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Aid to the Identification of Insects

Nature volume 23, page 98 | Download Citation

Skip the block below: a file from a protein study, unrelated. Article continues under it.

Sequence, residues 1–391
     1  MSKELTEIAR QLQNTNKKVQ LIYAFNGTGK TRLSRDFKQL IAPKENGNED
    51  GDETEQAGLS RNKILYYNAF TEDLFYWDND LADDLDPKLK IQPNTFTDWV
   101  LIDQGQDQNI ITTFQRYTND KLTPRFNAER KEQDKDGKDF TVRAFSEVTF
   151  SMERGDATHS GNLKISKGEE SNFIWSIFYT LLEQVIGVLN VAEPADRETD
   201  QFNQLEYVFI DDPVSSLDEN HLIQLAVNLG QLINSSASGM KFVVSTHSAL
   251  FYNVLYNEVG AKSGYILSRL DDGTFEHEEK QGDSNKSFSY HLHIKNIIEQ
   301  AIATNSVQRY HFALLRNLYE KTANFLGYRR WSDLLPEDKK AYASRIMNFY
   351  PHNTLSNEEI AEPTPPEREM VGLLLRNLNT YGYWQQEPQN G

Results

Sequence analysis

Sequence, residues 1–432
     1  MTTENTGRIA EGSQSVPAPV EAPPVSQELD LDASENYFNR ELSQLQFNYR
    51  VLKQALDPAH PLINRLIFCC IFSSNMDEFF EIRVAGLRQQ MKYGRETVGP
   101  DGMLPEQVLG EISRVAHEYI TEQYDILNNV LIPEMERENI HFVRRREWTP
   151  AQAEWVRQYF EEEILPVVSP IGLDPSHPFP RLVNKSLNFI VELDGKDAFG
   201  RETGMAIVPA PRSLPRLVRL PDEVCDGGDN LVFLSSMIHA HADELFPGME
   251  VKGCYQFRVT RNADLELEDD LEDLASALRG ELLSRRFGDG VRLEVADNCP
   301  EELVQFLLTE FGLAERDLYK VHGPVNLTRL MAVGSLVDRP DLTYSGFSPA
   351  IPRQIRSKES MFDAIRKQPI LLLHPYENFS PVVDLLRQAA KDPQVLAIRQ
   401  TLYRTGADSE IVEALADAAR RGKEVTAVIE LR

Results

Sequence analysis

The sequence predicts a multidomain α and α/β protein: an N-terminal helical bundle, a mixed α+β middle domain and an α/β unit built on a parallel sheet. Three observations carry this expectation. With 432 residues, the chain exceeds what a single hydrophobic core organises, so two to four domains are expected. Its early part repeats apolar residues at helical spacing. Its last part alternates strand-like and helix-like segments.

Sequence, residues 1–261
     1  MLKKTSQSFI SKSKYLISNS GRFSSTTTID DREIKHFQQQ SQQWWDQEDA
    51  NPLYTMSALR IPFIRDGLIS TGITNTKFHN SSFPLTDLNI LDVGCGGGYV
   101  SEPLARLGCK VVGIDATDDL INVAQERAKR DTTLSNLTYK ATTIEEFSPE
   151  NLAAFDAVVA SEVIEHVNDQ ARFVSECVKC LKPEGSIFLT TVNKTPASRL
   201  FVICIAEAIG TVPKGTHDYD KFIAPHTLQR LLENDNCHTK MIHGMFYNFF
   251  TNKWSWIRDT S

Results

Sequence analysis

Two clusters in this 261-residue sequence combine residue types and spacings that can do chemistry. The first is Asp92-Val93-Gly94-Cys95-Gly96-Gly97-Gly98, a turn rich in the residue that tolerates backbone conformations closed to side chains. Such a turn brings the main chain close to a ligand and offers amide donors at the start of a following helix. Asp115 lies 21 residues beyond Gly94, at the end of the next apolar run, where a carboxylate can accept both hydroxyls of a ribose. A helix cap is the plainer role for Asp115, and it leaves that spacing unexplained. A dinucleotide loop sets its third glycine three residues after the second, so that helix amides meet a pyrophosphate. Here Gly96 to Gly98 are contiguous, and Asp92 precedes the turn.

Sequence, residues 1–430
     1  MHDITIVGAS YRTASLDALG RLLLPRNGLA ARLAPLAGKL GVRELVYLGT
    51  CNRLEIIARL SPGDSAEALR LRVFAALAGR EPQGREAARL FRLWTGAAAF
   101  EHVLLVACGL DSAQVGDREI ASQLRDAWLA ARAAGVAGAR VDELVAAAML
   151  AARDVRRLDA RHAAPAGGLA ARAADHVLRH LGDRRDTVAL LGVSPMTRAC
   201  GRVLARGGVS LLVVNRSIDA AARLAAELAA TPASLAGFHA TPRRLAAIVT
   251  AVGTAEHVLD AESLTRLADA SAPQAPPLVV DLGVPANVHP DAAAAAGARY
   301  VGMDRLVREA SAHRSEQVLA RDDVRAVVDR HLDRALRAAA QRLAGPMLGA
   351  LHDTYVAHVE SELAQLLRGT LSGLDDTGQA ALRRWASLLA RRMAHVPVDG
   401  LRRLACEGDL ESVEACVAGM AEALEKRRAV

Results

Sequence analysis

MR. WATERHOUSE, whose duties in the zoological department of the British Museum have probably continually caused him to feel the want of some such work as that which he now commences under the above title, has conceived the idea of issuing, at intervals of a month or six weeks, a series of hand-coloured drawings of insects of all orders not previously figured. Every working naturalist knows that a good pictorial representation conveys a more accurate and ready perception of a species than the most elaborate verbal description; and we can imagine no more ready way of widely disseminating a knowledge of the arcana of science than this. Each part is to contain eight or nine plates, each representing a single species, with its generic and specific names, the name of its describer, and a reference to its locality and place of description. The plates can be classified on the completion of a volume (twelve parts), when a title-page and index will be issued.

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